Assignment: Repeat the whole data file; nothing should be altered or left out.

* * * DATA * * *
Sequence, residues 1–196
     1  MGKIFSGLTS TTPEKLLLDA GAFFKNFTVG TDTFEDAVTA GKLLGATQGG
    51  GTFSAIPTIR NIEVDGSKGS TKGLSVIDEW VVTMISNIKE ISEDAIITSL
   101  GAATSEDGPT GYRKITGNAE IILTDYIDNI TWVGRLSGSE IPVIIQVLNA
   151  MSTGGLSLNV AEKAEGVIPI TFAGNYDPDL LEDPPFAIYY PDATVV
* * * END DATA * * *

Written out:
Sequence, residues 1–196
     1  MGKIFSGLTS TTPEKLLLDA GAFFKNFTVG TDTFEDAVTA GKLLGATQGG
    51  GTFSAIPTIR NIEVDGSKGS TKGLSVIDEW VVTMISNIKE ISEDAIITSL
   101  GAATSEDGPT GYRKITGNAE IILTDYIDNI TWVGRLSGSE IPVIIQVLNA
   151  MSTGGLSLNV AEKAEGVIPI TFAGNYDPDL LEDPPFAIYY PDATVV